I don’t know exactly how the women were feeling that early morning. I shouldn’t project my feelings onto them. They were likely not all feeling the same way about what they were up to. But from Mark’s details, honest as they are, we can see that they didn’t have it all together. If he were making up the story they would have been more composed with a better plan that didn’t double down on the spices but provided some means to move the stone.
I can’t blame them. They were in the midst of grief over a loved one, whom they believed to be their Saviour, whom they saw humiliated and brutalized, then dead and buried. I’m sure that everyone who has had to plan a funeral thought afterwards, “That decision was really quite silly. What was I thinking? We should have done this instead.”
And it is into this mix of human discombobulation, that the good news is sent. And it is alarming. “You seek Jesus of Nazareth, who was crucified. He has risen. He is not here. See the place where they laid Him. But go, tell His disciples and Peter that He is going before you to Galilee. There you will see Him, just as He told you” (Mark 16:6-7).
It’s too much information all at once. Their heads are spinning. They haven’t even gotten over the shock of the man’s appearance. Jesus’ body is not there. Their plans are spoiled. More spices wasted. They won’t be able to set this right. The crucial egg is gone from the carton and they are left off kilter. All they can do is let the unhinging incident spring them to a stiff posture and twaddle off with quick short steps clinging to each other, “for trembling and astonishment had seized them, and they said nothing to anyone, for they were afraid” (v. 8). That’s it, end of the reading.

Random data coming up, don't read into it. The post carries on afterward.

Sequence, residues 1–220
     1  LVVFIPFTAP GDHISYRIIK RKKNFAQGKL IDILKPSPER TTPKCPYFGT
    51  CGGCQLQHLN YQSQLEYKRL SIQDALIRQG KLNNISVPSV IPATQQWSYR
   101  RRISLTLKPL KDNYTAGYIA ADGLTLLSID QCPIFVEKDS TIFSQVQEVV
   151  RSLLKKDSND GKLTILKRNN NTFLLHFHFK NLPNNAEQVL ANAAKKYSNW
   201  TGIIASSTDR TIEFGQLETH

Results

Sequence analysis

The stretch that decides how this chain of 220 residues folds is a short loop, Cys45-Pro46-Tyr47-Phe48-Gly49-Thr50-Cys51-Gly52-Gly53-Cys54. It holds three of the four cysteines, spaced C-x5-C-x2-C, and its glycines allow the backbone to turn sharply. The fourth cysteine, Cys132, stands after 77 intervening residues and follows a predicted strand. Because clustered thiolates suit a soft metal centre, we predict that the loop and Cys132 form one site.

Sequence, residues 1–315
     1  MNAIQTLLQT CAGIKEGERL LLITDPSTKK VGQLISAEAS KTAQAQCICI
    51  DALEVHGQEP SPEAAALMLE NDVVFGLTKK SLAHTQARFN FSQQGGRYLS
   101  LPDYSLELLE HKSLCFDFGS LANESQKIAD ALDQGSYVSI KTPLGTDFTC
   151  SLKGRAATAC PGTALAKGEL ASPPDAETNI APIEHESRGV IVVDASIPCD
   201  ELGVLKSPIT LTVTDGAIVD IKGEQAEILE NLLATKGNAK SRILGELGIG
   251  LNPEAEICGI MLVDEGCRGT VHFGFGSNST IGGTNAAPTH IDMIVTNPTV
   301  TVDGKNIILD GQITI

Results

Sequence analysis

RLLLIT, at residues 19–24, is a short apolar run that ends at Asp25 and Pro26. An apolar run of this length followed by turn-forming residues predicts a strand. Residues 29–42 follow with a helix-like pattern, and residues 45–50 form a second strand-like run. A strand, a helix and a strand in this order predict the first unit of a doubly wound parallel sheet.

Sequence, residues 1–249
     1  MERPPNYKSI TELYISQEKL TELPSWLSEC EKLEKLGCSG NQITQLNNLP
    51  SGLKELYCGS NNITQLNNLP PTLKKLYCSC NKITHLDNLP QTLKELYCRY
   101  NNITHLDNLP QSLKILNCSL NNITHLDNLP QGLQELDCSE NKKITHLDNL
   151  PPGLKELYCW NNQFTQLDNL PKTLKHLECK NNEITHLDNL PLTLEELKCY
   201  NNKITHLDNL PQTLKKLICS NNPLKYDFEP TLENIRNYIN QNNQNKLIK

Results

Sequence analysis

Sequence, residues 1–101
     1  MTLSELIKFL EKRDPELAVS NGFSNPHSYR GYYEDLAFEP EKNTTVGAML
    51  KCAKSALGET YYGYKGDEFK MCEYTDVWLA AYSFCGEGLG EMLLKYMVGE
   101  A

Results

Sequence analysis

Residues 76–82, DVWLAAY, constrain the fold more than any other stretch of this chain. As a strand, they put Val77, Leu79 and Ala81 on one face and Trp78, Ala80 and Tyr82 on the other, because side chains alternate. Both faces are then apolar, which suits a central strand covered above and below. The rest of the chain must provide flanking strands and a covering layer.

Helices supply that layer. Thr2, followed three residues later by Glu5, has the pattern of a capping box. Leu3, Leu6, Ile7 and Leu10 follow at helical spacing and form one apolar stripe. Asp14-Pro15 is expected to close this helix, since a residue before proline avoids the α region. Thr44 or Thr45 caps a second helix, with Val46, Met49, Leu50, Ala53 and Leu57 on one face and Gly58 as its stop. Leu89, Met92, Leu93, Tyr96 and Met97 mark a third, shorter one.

It is so real, at least for me. It ends with fear and paralysis over not being able to fix what you thought needed to be fixed. It reveals ineptitude and inability to set things right. It reveals a need for the Saviour, not just to fix the people around you, but to fix you, to set you straight, to forgive your arrogance for thinking that you could be the fix for yourself or for someone else; to forgive your apathy for not wanting to try to help even when your meagre effort would have made a difference to someone.
And with all of this need for rescue just spilled out everywhere while you tremble in silence, there is hope abounding. Jesus of Nazareth who was crucified is not lying dead in the tomb. He has risen. You will see Him, just as He told you. The Saviour has come to set things straight and He has done it for you. Death is not right, so He put it straight. He rose and He will set right all that death has disrupted. You have been separated from Him by sin, and He will set that right. He forgives you so that you will see Him, just as He said.
All will be put right. He has done all that is necessary for that to happen. It will all be straightened out for you and for everyone else. He has risen. You will see Him. That is more than enough information to handle. You will get over your trembling and bumbling around with that alarming announcement. Your fearful silence will give way to bold confession at the right time and place. He is setting it all straight. You can rely on that, for He has risen... you will see Him.
The peace of God which passes all understanding keep your hearts and minds in Christ Jesus.